Economy: Adopt best practice solutions
Acting President Yemi Osinbajo has since May 29, 2015 been chairman of the National Economic Council. The Vice President is constitutionally assigned the responsibility, which make him not only the main superintendent of but also adviser to the President on the national economy. It was his lot to present this year’s Democracy Day Speech, which contains largely the economic report and expectations as follows: “In the next two years, we will build on the successes of the last two… we did not find ourselves in (economic) crises overnight, and we simply do not expect overnight solutions to our challenges.”
The above excerpt deserves critical appraisal. Economic report should ordinarily be based on verifiable results than be intended as propaganda. In this regard, the claims of economic success stand debunked by the Nigerian GDP report which shows that the economy contracted in the five consecutive quarters ending March 31, 2017 and an already one year-long economic recession. Contrary to official claims, the fall in crude oil prices was not enough to bring about the economic contraction. The factors responsible for the decline include, firstly, the administration’s decision initially to crush the Niger delta militants, which severely reduced crude oil production and export volumes. Secondly, the drastic reduction of energy imports as well as local production for domestic and industrial use whereas there was enough forex within the economy to procure needed imports; thirdly; retention of funds in the excess crude account against the principle of the paradox of thrift; and fourthly, improper management of the national currency compounded by naira devaluation. The way forward should have been de-sterilisation of a small part of the unutilised and sterilised over N100 trillion fake national domestic debt to meet any shortfall of public workers’ salaries and pension arrears at no additional interest cost to the national treasury.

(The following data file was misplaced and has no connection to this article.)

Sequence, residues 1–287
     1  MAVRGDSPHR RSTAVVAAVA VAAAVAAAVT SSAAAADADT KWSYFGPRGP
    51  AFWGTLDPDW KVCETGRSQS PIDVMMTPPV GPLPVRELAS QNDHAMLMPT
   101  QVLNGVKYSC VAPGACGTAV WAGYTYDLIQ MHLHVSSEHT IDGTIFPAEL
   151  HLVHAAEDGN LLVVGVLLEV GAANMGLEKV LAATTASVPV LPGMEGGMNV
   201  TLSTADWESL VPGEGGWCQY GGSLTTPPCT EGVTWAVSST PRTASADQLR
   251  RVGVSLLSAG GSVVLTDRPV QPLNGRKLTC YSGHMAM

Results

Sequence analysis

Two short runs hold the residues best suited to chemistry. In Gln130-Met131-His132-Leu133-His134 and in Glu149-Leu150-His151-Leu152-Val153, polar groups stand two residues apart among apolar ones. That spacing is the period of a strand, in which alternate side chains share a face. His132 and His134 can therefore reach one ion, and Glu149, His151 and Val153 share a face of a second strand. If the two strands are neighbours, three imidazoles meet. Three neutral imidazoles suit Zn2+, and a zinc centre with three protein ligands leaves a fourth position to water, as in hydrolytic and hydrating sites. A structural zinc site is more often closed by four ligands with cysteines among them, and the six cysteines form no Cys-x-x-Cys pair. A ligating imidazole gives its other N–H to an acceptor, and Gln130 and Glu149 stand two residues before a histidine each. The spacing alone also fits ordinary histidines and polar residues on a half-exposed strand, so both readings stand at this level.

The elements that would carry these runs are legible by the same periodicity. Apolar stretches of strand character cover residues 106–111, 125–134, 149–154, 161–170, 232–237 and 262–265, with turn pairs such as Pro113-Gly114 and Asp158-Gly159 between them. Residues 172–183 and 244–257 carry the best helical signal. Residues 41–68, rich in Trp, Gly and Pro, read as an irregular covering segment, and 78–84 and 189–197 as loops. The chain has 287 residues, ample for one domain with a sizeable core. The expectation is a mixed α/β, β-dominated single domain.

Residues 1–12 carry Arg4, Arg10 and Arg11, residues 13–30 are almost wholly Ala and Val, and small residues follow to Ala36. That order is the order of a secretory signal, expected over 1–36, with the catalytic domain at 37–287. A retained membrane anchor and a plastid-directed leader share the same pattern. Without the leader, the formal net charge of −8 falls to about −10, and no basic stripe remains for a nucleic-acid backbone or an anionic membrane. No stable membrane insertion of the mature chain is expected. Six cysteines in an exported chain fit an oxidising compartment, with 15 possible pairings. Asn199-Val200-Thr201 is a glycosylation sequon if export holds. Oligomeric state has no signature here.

As a matter of fact, the 2016 GDP distribution recorded 5.6 per cent for the entire Petroleum industry and 2.7 per cent for Public Administration. But for the sheer willful handling of public sector forex receipts in a manner that compromises the working of the economic system, the remaining economic sectors (which contributed 91.7 per cent of GDP and which did not face any forex threats) could have exerted more than adequate impact to buoy up the economy thereby preventing any economic contraction and recession.
Osinbajo claimed that the economic problems arose over a protracted period of time and pleaded for the administration to be given time to grope at an unhurried pace for solutions. While, admittedly, the economic challenges have subsisted for some four decades, they were/are the lagged repercussions of wrong decisions taken literally impulsively overnight long ago. Osinbajo also expressed the oft repeated intensions by administration after administration but which have remained permanently on the shelf, namely, “giving the private sector the necessary incentives and creating environment to invest and do business (and delivering) a country that grows what it eats and produces what it consumes” to which should be simultaneously added evolving and consuming cheap domestic bank credit in preference over foreign loans.